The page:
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Pontefract Letters Page

CRESCENT SCHOOL, PONTEFRACT

ADDED 17 SEPTEMBER 2007

I was interested in the picture on page 19 of the September issue of the Digest Magazine. It is of the Crescent School, Pontefract, and must have been taken about 1937-38. The school was started by Principal Miss Nella M. Ebbutt in the upper floor of the Crescent Ballroom, in rooms used for suppers when there was a dance. I went there in about 1933 when I was five years old. Soon after that, it moved to rooms over Barclays Bank. We entered by the back from the gated driveway from Gillygate. There was a lawn with a central flagged path, but this was soon reduced to level soil by constant traffic. In the early days there was a grapevine on the east wall of the flagged area by the entrance.

Upstairs, the first floor had, at the south east corner, a large room where we assembled in the morning for a hymn, after which we marched out to stirring piano music, played by Miss Zoe Wordsworth. The room at the north east was a classroom and it was there that I learnt to write, doing first exercises in loops and curves, using a pen with a J nib and dip-in ink pot. Next to this was a small kitchen and then up a step or two was Miss Ebbutt’s private room. Over the stairs on the garden side was the only toilet I can recall which had a decorated pot. There were one or two rooms on the second floor, one of which was called the Art Room.

The school moved after I left, to St. Catherine’s, a large house on the corner of Mayor’s Walk and Mill Hill. The school rooms were used as the Food Office during the war. At Mill Hill it changed its name as I understood the new owners of the Crescent Cinema did not like it being associated with them. It remained there until Miss Ebbutt retired and closed the school.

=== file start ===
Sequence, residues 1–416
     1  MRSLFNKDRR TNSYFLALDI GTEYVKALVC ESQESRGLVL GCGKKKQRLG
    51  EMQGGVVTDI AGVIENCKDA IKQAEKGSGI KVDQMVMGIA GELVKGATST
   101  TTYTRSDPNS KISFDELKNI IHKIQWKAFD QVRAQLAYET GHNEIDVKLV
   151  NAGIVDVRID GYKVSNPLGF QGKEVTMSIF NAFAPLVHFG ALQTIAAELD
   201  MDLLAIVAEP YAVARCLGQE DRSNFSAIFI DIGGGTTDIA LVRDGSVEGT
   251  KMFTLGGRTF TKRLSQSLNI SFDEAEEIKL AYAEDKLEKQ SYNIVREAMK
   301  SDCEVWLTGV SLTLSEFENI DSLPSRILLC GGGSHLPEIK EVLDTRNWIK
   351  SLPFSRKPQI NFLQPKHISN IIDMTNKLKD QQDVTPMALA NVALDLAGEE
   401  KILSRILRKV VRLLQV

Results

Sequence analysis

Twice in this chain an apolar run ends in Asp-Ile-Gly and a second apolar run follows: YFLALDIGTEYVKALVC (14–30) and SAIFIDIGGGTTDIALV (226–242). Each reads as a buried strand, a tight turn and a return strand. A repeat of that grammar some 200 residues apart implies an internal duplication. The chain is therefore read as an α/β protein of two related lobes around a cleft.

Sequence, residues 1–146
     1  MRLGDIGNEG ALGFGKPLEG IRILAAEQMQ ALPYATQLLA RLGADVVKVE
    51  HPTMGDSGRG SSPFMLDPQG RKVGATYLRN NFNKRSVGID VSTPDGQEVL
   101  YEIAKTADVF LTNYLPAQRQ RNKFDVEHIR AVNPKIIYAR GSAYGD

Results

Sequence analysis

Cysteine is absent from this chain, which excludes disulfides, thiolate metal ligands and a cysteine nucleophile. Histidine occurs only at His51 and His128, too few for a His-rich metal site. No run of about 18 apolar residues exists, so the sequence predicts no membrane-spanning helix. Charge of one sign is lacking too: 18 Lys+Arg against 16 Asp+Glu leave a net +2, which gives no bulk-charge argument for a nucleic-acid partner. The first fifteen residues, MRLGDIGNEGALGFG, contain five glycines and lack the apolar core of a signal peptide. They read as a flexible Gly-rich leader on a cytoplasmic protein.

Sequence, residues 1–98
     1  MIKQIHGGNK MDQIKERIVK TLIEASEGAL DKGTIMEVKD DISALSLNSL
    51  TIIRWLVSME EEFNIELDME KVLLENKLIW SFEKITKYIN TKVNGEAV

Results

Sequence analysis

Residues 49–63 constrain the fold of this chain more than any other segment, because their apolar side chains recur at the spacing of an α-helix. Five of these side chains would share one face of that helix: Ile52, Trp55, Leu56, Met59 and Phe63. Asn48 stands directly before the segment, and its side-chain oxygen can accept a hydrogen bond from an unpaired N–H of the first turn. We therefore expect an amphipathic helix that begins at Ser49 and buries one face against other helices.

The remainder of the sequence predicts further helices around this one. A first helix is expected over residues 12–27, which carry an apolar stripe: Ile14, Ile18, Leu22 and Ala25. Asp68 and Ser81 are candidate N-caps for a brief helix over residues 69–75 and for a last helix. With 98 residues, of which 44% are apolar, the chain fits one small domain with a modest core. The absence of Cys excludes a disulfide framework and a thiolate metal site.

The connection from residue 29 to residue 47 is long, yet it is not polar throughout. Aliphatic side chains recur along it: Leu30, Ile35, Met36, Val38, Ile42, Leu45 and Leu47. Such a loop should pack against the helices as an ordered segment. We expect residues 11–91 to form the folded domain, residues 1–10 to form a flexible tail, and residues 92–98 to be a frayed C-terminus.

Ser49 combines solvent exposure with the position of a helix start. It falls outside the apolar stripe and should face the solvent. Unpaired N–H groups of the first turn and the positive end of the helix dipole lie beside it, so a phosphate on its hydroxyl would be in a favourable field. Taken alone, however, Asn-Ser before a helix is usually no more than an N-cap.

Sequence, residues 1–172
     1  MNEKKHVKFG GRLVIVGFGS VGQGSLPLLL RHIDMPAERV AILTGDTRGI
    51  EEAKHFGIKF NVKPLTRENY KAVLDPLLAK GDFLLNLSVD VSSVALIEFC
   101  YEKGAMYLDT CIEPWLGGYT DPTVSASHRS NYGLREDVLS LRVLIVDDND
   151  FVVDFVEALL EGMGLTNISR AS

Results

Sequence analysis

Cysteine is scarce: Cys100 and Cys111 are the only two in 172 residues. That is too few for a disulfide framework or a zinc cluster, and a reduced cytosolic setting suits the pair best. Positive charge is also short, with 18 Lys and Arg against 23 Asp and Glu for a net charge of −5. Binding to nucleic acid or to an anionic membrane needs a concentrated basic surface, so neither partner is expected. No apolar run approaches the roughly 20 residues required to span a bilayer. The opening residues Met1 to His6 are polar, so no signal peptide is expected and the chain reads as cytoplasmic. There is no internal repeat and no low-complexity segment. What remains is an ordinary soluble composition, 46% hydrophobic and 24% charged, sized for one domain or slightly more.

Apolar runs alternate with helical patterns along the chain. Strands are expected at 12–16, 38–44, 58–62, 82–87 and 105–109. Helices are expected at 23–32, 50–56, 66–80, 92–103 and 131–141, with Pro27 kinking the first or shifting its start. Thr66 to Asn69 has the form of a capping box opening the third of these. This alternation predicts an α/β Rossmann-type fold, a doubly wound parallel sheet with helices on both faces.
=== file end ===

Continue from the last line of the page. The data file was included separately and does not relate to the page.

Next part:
To return to the picture, I can recall some of the names, but after seventy years could get some wrong! Starting on the back row from left to right, no. 1 was Jack Keighley who lived on Mayor’s Walk with his family, who had for many years, a large part of what is now the Valley Gardens. Next is Gerald Smith, second son of G.T. Smiths. Third is Neville Wilkinson who lived in the big house on Carleton Road next to the road to the RAFA. His father was at the furniture Works in Mill Dam. Fifth was, I think, Margaret Taylor who lived at The Beeches in Mill Hill. Her father was the Taylor of Pennington Hustler and Taylor and was architect for the alterations at The Alexandra when it became a cinema. I felt very important when he took me on a tour round the projection room etc. Seventh is Jimmy Claxton Smith and at the end of the row is John Hanson whose father was a Castleford accountant and John later opened an office in Ropergate.

On the second row forward, I think the first is Gordon Miles, whose father was manager of Exchange Furnishing, which is now Pontefract Travel. Third is Biddy Mackie, who lived on Carleton Road with her brother, Jimmy Mackie (tenth on the front row). Fourth was, I think, Sheila Burnett, daughter of the Doctors who lived in The Mount. Sixth, and I think, ‘head girl’, is Brenda Hudson, whose father managed the Gas Works. I stand next to her and on my left is Derek O’Connor who later became a solicitor at Clayton Smith’s in Ropergate House. On his left is Alistair Johnson who lived in ‘Brierlen’, a large house on the left, just before Carleton Green. I always admired the large monkey puzzle tree they had. Third from the end is Megan Spence who lived nearest the school in the house at the bottom of the lawn in Barclays Yard. On the end of this row is Peter Ewbank whose grandfather started Ewbank’s Liquorice. His father had the cycle shop on the corner of Mill Hill and Wakefield Road

On the row next to the front at no. 3 is Claire Ferris and in front of Brenda Hudson is Shirley Bullock of the South Yorkshire Buses family. In front of myself is Ann Burnett, youngest sister of Sheila, and next to the end is Anne Wilkinson, sister of Neville.

As they were not in my year, the only front row member I can recall is Jimmy Mackie, as mentioned earlier.

We were all very happy at the school and I was sorry when I left in 1938-39 for the King’s School.

Best wishes,

John O. E. Holmes


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